In re CV Therapeutics, Inc. Sec. Litig., 2006 WL 2458720 (N.D. Cal. Aug. 22, 2006)
In this securities class action, the parties had previously agreed on the entry of a stipulated order governing the discovery of material restored from backup tapes maintained by the defendant. (A copy of the Backup Tape Stipulation is available here.) Subsequently, plaintiffs learned from an undisclosed source that additional backup tapes existed which had not been produced, and moved to compel. The court issued an order dated April 3, 2006, which resolved that dispute, along with several other discovery disputes. (A copy of the court’s April 3, 2006 order is available here.) With respect to the newly discovered backup tapes, the court concluded that defendants had not intentionally hid the existence of the tapes, but that they should have been subject to the terms of the parties’ Backup Tape Stipulation. It continued:
In light of the peculiar circumstances surrounding the discovery of the backup tapes, the Court orders as follows: no later than April 24, 2006, defendants shall review and prepare full catalogs for all Exabyte and DLT tapes from the time period covered in the Backup Tape Stipulation. Plaintiffs shall review these catalogs, and inform defendants by April 28, 2006, which documents plaintiffs wish to have produced. Defendants shall produce all requested documents, except those protected by a privilege, by May 19, 2006. Defendants shall prepare and produce a privilege log for any documents withheld on account of privilege by May 26, 2006. The parties may modify any of these dates through the meet and confer process. Defendants shall bear the full cost associated with all of this discovery.
In this most recent decision, the magistrate considered plaintiff’s letter brief which claimed that defendants had violated the April 3, 2006 order, as well as defendants’ letter brief seeking entry of a protective order. Both discovery disputes concerned defendants’ production of documents from the belatedly identified “DLT” and “Exabyte” backup tapes.
As to the DLT tapes, the magistrate noted that 5,000 documents were at issue. Apparently, defendants had not produced these documents because plaintiff did not designate these documents by April 28, 2006, as required by the April 3, 2006 order. The magistrate noted that plaintiff’s late designation was due to technical problems which defendants’ technicians and plaintiff’s technicians worked together to resolve. Accordingly, the court denied defendants’ motion for a protective order with respect to the 5,000 documents from the DLT Tapes.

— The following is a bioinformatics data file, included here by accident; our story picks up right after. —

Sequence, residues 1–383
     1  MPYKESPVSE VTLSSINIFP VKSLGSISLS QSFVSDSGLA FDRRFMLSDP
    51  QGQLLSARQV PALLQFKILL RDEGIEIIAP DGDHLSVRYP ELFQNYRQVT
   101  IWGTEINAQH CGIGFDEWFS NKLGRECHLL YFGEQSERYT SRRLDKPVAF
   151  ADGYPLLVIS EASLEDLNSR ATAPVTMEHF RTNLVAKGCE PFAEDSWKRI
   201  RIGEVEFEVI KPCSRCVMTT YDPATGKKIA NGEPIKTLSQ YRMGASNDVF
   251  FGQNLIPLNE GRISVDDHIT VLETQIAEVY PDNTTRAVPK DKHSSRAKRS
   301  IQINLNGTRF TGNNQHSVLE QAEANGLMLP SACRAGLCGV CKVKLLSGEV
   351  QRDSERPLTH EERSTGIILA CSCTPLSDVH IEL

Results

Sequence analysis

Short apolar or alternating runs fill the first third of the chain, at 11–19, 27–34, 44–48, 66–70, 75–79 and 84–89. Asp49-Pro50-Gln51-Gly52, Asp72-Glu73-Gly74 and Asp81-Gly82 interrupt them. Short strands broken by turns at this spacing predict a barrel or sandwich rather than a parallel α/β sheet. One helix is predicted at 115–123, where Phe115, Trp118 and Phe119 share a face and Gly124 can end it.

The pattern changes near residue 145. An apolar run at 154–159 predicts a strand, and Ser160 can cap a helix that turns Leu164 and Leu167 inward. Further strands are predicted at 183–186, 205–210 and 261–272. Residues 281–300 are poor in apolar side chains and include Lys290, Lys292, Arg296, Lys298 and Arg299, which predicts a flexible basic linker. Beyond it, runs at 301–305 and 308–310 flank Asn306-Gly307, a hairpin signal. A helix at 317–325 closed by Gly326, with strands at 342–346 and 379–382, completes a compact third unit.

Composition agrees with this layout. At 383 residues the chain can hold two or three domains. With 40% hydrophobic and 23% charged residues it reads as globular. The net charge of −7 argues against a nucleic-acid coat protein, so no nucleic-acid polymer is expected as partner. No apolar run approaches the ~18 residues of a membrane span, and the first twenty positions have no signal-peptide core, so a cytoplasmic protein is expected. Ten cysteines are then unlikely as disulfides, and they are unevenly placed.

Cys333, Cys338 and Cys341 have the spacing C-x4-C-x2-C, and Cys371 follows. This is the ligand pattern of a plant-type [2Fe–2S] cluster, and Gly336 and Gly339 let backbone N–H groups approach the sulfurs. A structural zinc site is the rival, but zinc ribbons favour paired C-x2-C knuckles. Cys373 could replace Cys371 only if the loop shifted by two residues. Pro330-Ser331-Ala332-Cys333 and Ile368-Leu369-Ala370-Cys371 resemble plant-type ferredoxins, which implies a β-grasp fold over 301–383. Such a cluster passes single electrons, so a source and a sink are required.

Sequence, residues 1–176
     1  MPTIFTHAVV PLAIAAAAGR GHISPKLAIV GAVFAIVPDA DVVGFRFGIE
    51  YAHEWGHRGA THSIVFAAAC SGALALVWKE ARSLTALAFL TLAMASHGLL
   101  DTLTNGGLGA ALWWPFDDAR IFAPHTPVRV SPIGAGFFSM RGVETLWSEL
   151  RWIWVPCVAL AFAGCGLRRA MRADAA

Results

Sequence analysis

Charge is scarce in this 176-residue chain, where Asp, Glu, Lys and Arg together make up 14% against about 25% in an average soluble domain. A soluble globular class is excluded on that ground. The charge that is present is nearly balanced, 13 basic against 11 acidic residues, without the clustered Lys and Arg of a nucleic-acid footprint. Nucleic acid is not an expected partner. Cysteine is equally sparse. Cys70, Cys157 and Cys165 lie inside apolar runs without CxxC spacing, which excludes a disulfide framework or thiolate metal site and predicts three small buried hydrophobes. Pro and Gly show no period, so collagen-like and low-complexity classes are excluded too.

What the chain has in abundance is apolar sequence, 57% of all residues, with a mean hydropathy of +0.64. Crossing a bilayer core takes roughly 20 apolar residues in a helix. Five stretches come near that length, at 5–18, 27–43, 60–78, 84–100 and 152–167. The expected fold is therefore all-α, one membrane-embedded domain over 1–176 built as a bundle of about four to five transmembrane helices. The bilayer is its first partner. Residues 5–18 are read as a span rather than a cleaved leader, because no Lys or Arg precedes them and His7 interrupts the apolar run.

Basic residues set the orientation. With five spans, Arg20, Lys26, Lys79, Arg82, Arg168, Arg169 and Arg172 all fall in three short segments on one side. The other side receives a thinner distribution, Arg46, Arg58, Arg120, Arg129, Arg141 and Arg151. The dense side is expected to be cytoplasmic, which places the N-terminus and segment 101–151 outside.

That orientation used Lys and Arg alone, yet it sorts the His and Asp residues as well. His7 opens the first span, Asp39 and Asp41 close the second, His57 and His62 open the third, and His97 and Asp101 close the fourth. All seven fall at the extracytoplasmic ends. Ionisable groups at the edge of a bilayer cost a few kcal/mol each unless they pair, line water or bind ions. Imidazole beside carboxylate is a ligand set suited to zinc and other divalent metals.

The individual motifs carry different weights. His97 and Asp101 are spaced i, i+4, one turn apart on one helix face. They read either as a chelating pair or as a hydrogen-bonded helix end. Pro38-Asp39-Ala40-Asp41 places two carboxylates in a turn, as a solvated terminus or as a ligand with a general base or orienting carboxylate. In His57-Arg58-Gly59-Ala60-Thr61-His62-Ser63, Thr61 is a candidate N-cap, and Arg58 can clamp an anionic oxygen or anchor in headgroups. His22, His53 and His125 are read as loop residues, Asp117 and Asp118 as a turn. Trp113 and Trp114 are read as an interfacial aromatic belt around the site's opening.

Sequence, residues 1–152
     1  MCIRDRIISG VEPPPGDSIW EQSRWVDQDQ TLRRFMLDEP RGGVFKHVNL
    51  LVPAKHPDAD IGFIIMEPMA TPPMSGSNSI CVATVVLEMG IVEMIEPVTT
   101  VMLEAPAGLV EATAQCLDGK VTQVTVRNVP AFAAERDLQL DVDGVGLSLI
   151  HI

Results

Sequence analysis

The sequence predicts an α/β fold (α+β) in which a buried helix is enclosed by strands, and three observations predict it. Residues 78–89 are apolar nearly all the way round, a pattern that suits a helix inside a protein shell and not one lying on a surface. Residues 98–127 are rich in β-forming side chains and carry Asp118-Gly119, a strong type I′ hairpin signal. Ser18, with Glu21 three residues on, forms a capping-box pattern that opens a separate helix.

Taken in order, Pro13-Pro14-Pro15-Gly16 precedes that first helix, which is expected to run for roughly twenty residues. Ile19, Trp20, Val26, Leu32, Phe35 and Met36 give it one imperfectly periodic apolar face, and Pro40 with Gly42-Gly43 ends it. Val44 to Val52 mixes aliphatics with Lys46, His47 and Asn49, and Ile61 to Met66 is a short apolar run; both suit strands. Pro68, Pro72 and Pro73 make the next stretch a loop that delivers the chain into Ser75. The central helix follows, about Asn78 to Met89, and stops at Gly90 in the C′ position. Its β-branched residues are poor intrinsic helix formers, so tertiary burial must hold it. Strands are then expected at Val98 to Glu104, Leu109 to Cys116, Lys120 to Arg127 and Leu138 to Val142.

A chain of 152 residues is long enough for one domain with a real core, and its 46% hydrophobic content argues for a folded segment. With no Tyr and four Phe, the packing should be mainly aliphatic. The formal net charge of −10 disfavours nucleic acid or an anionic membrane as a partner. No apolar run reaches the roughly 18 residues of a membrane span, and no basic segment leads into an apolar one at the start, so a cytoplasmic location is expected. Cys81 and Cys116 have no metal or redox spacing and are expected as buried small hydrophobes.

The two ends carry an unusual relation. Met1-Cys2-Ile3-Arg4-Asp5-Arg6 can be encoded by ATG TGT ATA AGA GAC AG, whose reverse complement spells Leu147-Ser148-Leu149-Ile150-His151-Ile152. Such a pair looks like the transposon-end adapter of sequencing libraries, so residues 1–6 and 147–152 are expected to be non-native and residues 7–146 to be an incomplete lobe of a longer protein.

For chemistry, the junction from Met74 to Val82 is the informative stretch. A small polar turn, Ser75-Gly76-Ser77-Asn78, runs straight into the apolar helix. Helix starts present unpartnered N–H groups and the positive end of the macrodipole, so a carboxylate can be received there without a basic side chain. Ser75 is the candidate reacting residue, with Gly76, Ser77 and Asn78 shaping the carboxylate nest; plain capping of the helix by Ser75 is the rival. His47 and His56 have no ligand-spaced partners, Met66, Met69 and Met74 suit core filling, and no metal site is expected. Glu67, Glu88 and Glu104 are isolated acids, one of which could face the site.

The problem presented by the Exabyte tapes was more complex. Plaintiff had designated some 423,835 documents for production, representing documents from the hard drives of 26 employees. Plaintiff acknowledged the number of documents was high, but explained that this was out of his control because defendants never made a list of the actual documents available for selection and instead only gave plaintiff the employee names and the dates of their hard drives. Defendants claimed that it was not possible to provide a more specific catalog.
With respect to the 423,835 documents, defendants applied their de-duplication process, which reduced the number of documents to 129,000. Defendants produced 4,000 out of the 129,000 documents, which came from the hard drives of the Individual Defendants. Defendants argued that it would be unduly burdensome and expensive to produce the remaining 125,000 documents.
The magistrate refused to require plaintiff to select only 60,000 of the 125,000 documents because defendants had provided “scant information” on which plaintiff could base his selection. Instead, the magistrate ruled that, as to the remaining 125,000 documents chosen by plaintiff, defendants would be permitted to apply search terms to narrow the production. The magistrate dismissed any objection that may be raised by plaintiff to the application of search terms:
To the extent Plaintiff contests the adequacy of the search terms, it has not set forth an alternative search methodology; moreover, no specific challenge to the search terms has been brought and briefed before the Court. Employment of search terms is a reasonable means of narrowing the production in this instance. Although Defendants complain that the resulting production and need for review of privileged matters is too burdensome, the permitted employment of de-duplication and search terms strikes a reasonable balance between Plaintiff’s needs and Defendants’ burden.